Post #699190
Posted Friday, April 17, 2009 5:32 AM
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You know, I'm thinking to myself - "Self, big business like Google, Microsoft, Amazon, IBM, et. al. offer a service of some kind in the Cloud. They very much want us to use the Cloud. But do you think they run any LOB apps in the Cloud? You know, like accounting, sales, CRM, and payroll. Do you think they run a data warehouse in the Cloud? Do you think they keep any of their intellectual property in the Cloud? You know, like would Microsoft have a global version of TFS will ALL of their source sitting out there in the Cloud? Do you think Steve Ballmer keeps a copy of Microsoft's business strategy on Skydrive??" Self is doubtful. At least not in the public Cloud - which is where 99% of us will be stuck in the real world. Like anyone without a billion bucks will have their own Cloud.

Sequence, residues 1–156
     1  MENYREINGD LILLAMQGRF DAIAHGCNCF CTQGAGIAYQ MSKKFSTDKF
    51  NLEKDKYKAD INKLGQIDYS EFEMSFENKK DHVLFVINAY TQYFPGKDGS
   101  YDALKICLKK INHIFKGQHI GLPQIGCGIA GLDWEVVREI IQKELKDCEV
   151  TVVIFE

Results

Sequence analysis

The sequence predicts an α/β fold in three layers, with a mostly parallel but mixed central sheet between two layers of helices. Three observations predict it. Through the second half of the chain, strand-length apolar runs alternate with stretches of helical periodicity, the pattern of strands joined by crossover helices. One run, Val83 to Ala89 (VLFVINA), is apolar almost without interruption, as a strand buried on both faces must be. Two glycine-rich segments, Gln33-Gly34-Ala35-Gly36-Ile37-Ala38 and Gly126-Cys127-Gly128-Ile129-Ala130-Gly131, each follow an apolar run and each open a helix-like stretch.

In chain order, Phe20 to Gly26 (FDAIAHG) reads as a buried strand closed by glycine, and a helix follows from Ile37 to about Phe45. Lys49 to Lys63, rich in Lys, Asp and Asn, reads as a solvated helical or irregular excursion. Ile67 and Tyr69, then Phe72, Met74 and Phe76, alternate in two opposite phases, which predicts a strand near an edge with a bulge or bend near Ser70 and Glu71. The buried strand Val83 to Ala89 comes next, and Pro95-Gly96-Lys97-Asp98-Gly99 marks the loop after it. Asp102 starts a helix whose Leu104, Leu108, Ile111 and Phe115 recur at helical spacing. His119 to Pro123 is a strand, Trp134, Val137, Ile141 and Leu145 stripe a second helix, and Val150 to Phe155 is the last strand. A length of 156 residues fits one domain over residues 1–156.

I will happliy use Google Maps and Skydrive and Facebook and all the other inane Cloud applications. But I'm thinking until the 800lb industry gorillas start eating (and gagging) on their own Cloud "dog food", I will be perfectly content to keep all the really important stuff in my protected silo, far away from the Cloud.



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Post #699292
Posted Friday, April 17, 2009 6:11 AM


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At this point I am not interested in any cloud databases and years of experience has taught me when a collective of techies are all excited about something that has not been fully explored with a neutral viewpoint, run as fast as you can away from it.